When shopping for environmentally friendly promotional products, it’s likely that you’ll see different ‘eco’ buzzwords used in their marketing. Compostable and biodegradable may seem like interchangeable terms to the average consumer but there are key differences between the terms that are important to be aware of.
Read on to learn what these two common terms mean, and how you can be more aware when choosing environmentally friendly promotional products.
What does compostable mean?
Composting is becoming more common in many communities and households. Composting can be done at both a household level as well as at a commercial scale. Compostable products are biodegradable, but with an added benefit. When compostable products break down, they release nutrients into the soil, aiding the growth of trees and plants and enhancing overall soil health.
The ASTM (American Society for Testing and Materials), one of the world’s largest international standards developing organizations, defines compostable as anything that undergoes degradation by biological processes during composting to yield CO2, water, inorganic compounds and biomass at a rate consistent with other compostable materials, leaving no visible, distinguishable or toxic residue.
Items that are compostable will break down when in a compost environment into material that can enrich the quality of the surrounding soil. Most compost piles and commercial scale composters accept food scraps and plant trimmings, but in recent years, many companies have begun to create packaging that is also compostable.
BPI is North America’s leading certifier of compostable products and packaging. Their program ensures that products and packaging displaying the BPI logo have been independently tested and verified according to scientifically based standards.
How does the term compostable relate to eco promotional products?
According the FTC Guidelines for Environmental Claims, marketers who claim a product is compostable need competent and reliable scientific evidence that all materials in the product or package will break down into (or become part of) usable compost safely, and in about the same time as the materials with which it is composted.
They should qualify compostable claims if the product can’t be composted at home safely or in a timely way. Marketers also should qualify a claim that a product can be composted in a municipal or institutional facility if the facilities aren’t available to a substantial majority of consumers.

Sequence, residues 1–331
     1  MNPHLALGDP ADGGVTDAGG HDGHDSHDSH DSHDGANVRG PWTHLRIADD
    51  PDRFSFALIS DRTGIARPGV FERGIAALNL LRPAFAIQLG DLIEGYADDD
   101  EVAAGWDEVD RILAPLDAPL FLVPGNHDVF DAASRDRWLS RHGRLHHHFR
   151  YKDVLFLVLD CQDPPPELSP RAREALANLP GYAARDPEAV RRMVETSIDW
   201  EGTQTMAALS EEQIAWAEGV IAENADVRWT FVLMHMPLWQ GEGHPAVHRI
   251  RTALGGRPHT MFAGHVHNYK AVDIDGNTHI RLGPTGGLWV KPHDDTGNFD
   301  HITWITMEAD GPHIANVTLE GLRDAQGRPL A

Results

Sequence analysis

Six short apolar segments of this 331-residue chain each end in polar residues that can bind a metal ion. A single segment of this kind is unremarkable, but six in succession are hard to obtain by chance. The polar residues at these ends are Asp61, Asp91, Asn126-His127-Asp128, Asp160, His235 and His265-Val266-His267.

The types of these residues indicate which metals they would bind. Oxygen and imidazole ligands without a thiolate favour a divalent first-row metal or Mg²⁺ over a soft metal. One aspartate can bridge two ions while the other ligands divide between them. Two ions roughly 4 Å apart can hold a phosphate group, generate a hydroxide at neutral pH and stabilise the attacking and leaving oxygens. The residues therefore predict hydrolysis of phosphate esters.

Packaging that is home compostable should mean that every component and material used in the packaging will breakdown and decompose into organic soil. This includes the whole of the package; the printing ink, and the adhesives used to seal the package.
A cursory search in ESP, a promotional products industry product search database, for “Compostable” brings up 1,326 products, ranging from recycled seed embedded paper to silicon containers and bamboo/plastic composite travel mugs. At a glance, very few of the 1,326 products meet ASTM standards for composability (the seeded paper is all good though!). This poses a risk if you’re selling or buying these products under the guise that they’re more sustainable.
What are the concerns with compostable packaging?
Because most compostable packaging needs to be processed in commercial scale facilities, there is an issue of access. There simply aren’t a lot of commercial composting programs in North America. This means that much of the compostable packaging we put into our recycling or regular waste bins is still incinerated or sent to the landfill.
What does biodegradable mean?
Many people confuse the terms ‘biodegradable’ and ‘compostable’, but they have different implications. A biodegradable item will break down naturally when exposed to elements like moisture, light, and bacteria that are found in nature, but they are not for your home compost bins.
According to the ASTM, biodegradables are anything that undergoes degradation resulting from the action of naturally occurring microorganisms such as bacteria, fungi, and algae.
Liquid products that are biodegradable will decompose naturally in water. Many biodegradable products are also bio-based, although this isn’t always the case. Bio-based products are made from renewable materials like plant fibers, animal feedstocks, or food waste. Bio-based products are much more likely to decompose properly after their use because they are made of these renewable natural sources.
Biodegradable items ‘break down’ but they don’t add any nutrient value to enrich the soil. Unlike composting there is no added soil enrichment at the end of the degradation process.